They have had a fungicide with plant growth regulator activity, as this is the priority at this stage, with light leaf spot the focus for a later spray, possibly in combination with propyzamide applications where required.
However, the autumn has come with its drawbacks as I have found more club root patches in a number of fields.
There is very little that can be done within the crop, although we will try to encourage rooting in the hope that plants will recover.
It may require a rethink on rotations or more widespread use of club root resistant varieties.
South: Tod Hunnisett
What a difference a year makes. This time last year, any work that hadn’t been done wasn’t going to get done. The rain had set in and wheels weren’t turning. I also hadn’t yet lit my woodburner.
This year, not only has everything that was scheduled been completed, but extra cropping has gone in where spring crops were initially planned. The down side of the dry autumn is that some residual herbicides haven’t worked as well as hoped, but at least we’ve had the opportunity for a follow up.
I lit the woodburner three weeks ago and, at the time of writing, we’ve had at least three frosts. Maize has been harvested without leaving a mudbath.
After last year, everyone is very keen to put an aphicide on cereals to avoid the barley yellow dwarf virus (BYDV) problems we saw.
While it would be daft to ignore last year, as I have said, we are in a completely different season. If I’m going through a crop with a follow-up herbicide and the timing is appropriate, then it’s also having a pyrethroid.
I have a lot of wheat that has been drilled significantly later than last year, nearly all having had an insecticide seed treatment, so I’m certainly not going to panic if the weather breaks now and we can’t get on it.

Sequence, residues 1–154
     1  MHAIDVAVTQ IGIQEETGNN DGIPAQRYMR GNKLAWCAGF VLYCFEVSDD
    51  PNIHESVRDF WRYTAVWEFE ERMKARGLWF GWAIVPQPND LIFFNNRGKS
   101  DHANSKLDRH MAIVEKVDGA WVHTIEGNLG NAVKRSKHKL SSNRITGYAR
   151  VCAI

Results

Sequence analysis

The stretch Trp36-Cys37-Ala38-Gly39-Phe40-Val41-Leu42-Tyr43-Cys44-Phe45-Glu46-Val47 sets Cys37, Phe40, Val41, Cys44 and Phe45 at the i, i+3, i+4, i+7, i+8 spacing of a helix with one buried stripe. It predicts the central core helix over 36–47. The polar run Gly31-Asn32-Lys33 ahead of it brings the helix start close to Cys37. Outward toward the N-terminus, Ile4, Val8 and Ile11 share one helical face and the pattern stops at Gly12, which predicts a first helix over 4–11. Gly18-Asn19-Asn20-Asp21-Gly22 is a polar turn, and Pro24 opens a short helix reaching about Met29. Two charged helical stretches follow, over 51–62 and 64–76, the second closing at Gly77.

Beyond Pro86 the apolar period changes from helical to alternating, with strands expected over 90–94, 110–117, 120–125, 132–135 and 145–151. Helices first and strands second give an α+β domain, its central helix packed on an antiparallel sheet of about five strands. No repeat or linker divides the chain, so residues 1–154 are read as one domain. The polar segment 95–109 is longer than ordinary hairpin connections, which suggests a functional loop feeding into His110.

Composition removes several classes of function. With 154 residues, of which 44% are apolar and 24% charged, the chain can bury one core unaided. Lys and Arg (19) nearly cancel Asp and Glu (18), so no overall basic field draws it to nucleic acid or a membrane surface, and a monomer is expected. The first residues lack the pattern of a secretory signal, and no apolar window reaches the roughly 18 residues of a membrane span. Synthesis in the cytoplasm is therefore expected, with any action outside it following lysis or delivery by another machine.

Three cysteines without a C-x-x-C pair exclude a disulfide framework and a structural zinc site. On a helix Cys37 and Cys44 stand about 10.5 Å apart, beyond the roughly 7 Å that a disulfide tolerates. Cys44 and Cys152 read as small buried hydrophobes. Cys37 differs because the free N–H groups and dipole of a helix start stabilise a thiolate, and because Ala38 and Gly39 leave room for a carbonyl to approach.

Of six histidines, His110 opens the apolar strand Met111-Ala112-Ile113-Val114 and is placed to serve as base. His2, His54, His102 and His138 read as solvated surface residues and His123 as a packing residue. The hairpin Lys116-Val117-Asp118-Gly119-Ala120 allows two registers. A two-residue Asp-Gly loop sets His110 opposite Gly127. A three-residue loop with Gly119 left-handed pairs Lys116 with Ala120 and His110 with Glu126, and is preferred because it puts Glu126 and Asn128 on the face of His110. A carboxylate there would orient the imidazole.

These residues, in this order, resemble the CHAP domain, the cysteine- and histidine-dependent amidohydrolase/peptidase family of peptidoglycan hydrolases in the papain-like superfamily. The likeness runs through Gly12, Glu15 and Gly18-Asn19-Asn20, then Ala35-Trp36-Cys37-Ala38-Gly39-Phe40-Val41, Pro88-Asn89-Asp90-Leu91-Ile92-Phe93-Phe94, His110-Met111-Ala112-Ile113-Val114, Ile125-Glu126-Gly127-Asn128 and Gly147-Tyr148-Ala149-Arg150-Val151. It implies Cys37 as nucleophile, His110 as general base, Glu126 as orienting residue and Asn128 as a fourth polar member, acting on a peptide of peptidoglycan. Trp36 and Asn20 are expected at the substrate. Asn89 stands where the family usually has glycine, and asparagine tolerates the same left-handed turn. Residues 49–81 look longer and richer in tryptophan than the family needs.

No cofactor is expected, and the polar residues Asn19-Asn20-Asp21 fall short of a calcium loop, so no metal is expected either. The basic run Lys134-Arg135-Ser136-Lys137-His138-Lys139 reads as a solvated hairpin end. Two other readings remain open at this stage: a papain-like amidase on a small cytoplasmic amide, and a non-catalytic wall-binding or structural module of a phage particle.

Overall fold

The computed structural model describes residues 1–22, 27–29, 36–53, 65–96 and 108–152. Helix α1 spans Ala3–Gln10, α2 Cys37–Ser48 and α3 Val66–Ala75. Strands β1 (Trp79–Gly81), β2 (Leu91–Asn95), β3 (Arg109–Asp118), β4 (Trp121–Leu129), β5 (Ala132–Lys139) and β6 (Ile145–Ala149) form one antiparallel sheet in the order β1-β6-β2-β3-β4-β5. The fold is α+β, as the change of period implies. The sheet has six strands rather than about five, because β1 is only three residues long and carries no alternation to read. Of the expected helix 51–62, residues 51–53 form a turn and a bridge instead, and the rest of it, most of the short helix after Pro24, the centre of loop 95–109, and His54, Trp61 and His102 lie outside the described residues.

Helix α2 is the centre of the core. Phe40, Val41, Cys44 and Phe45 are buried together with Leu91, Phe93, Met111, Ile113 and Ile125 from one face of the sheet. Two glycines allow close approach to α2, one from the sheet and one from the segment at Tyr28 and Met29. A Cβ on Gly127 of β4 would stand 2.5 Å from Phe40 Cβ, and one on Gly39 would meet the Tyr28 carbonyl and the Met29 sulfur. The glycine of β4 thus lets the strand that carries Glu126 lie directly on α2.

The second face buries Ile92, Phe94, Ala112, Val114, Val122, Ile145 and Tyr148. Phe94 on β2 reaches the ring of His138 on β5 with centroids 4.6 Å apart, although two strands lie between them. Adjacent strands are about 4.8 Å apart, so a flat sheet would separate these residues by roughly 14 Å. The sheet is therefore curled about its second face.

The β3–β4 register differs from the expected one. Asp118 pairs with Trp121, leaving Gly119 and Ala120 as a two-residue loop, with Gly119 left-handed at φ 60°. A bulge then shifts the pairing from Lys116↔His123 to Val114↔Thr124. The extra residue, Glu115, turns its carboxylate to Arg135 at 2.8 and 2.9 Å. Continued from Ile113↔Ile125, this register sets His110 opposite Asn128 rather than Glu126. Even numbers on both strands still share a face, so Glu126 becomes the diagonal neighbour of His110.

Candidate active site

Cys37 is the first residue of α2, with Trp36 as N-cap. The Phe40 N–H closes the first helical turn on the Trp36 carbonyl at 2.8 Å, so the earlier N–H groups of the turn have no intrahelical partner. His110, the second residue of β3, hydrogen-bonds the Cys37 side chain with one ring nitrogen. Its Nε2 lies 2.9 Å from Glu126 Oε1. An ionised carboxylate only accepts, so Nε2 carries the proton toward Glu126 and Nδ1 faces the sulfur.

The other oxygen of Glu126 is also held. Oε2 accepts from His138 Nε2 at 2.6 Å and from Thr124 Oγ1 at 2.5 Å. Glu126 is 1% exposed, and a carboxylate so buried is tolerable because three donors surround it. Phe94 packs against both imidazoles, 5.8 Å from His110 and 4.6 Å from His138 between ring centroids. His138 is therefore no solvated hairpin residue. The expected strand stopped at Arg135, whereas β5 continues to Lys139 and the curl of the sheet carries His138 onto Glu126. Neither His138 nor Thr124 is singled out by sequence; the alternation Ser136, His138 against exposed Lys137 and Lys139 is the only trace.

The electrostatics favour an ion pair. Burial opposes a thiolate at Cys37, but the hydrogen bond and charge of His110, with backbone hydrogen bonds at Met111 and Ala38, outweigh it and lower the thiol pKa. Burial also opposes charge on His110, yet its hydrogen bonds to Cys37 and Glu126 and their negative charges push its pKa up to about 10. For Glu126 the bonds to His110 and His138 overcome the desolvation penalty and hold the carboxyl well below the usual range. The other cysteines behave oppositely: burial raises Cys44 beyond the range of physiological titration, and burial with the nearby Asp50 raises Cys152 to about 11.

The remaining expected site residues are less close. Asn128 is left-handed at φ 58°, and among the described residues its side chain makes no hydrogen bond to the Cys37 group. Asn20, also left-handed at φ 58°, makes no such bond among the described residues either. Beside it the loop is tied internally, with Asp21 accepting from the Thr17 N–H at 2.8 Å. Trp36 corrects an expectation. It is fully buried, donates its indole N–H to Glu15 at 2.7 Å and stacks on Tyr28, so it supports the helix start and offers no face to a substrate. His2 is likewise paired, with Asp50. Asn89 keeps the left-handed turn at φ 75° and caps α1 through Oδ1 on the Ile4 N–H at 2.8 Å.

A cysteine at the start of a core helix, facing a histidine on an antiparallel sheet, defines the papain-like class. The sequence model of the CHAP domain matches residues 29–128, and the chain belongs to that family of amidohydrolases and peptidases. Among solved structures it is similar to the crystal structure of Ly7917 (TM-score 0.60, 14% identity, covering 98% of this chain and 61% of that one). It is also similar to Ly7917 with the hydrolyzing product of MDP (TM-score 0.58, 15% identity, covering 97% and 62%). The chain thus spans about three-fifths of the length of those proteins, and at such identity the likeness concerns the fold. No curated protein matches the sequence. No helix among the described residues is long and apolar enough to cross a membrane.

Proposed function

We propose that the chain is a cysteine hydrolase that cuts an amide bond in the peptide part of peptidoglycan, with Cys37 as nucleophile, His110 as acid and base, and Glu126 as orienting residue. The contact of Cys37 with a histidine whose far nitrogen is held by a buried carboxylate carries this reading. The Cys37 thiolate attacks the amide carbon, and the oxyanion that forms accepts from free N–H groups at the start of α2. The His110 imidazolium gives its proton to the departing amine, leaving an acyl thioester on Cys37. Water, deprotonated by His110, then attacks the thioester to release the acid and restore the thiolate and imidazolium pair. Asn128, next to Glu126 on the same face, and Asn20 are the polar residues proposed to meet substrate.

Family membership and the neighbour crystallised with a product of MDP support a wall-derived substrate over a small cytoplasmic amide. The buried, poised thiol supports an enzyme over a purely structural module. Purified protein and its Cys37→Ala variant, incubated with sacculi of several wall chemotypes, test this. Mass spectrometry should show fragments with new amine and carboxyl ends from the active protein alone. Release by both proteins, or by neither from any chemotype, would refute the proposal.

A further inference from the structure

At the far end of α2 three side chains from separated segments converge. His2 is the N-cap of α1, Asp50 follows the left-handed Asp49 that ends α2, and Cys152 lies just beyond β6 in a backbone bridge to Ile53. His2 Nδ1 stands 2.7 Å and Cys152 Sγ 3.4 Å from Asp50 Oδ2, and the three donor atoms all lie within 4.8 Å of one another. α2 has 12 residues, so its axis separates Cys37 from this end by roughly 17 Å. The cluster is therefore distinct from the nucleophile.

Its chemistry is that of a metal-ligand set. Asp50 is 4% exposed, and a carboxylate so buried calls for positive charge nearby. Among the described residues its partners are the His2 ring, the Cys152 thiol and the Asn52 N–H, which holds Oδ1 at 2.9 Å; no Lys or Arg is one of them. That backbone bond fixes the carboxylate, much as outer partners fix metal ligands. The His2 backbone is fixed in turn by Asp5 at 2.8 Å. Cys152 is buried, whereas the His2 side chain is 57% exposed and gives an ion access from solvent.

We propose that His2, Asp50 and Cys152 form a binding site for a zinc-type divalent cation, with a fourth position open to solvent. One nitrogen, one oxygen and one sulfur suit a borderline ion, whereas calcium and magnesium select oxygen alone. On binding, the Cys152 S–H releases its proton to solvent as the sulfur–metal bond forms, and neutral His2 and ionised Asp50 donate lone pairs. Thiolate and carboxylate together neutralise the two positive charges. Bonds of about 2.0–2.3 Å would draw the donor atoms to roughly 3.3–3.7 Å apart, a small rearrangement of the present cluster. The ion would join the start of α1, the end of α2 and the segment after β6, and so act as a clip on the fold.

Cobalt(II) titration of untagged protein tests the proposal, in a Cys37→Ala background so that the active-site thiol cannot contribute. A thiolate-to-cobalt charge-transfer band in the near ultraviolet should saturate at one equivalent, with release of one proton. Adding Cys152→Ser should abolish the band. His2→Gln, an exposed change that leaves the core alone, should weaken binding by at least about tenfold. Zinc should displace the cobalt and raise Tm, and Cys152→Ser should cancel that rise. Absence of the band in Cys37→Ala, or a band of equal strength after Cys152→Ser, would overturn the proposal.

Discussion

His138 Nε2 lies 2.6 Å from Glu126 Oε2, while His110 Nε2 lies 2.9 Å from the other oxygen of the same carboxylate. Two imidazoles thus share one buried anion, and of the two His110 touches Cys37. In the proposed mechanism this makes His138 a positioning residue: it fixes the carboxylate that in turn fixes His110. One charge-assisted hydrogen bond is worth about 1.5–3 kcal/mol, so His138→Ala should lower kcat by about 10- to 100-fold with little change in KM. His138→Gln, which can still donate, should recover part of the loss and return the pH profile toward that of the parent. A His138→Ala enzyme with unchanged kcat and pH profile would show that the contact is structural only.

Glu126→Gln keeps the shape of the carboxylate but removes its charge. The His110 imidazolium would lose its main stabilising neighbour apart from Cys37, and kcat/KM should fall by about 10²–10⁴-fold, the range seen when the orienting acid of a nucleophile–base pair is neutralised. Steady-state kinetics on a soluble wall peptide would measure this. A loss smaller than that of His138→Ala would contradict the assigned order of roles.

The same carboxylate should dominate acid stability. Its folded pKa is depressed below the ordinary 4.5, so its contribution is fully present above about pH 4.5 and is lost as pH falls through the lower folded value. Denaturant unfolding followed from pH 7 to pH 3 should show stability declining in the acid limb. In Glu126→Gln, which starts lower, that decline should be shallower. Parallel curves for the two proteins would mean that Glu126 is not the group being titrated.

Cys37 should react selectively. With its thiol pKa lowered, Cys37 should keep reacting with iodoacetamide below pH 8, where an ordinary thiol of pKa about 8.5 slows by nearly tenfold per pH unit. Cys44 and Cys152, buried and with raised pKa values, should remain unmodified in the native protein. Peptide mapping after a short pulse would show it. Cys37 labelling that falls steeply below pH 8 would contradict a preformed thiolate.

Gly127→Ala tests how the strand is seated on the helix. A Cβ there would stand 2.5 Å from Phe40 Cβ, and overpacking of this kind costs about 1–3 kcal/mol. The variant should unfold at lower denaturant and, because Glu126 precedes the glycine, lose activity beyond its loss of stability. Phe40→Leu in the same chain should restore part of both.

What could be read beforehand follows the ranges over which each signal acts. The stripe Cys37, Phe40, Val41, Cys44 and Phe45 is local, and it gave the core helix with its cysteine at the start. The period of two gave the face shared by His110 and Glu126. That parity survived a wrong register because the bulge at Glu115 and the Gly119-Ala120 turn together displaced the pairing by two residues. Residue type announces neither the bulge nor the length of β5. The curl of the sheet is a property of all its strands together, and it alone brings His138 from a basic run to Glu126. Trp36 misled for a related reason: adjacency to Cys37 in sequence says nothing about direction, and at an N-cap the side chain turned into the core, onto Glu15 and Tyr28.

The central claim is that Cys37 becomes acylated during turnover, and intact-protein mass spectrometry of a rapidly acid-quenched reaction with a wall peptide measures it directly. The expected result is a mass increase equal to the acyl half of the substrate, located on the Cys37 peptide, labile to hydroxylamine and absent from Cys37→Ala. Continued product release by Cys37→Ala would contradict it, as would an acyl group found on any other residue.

The weather over the next two months is what will make the difference. As it was, I had significant barley yellow dwarf virus (BYDV) symptoms in April-drilled spring oats last harvest.
Oilseed rape is generally looking in good health and some growers are worried that it’s getting too big. I’m not. As far as I’m concerned, a big oilseed rape crop is a nice problem to have.
What it does mean is that if light leaf spot comes in, I can put a big fat dose of tebuconazole on without worrying how much growth regulatory effect it has.
North: Mary Munro
AICC/Strutt & Parker (Perthshire)
The prolonged period of dry weather has provided excellent conditions for drilling wheat and fields sown after beans and potatoes are now coming through.
The earliest sown wheats have tillered well already and there is little disease to mention – small amounts of septoria and traces of mildew, but cold night temperatures have prevented these from becoming a worry.
Even slug damage is minimal. Growers have kept up to speed with herbicide applications, too. I have tried some Quirinus (BASF’s new flufenacet + picolinafen product) this season and it will be interesting to see how its persistence and weed suppression compares with Liberator (diflufenican + flufenacet) in field conditions.
Oilseed rape crops are well established this year and good ground cover is essential for holding back the onslaught of pigeons later in the winter.
They are quick to target bare patches to start a feeding frenzy. Proline (prothioconazole) has been my product of choice for autumn light leaf spot prevention.
It is cheering to see a potential lift in the price of malting barley, thanks to increasing demand for whisky. This market has been stuck in the doldrums in recent years and the margin for growers has been miniscule.
It is such an important crop for Scotland, yet paradoxically Scotch whisky does not necessarily have to be made from Scottish grain.
The Scottish government announced the first of its interest-free loans (or part-payments) of the Basic Payment Scheme 2016 through the National Basic Support Scheme.
On the face of it, this is very laudable and should ensure all the applicants who took up the scheme get 80% of their dues in good time.
The inference, though, is that the computer system is still not functioning adequately and the remaining 20% could well be delayed till June 2017.
The cross-border claimants seem to get put into a “too difficult” pile and were among the last to receive 2015 payments.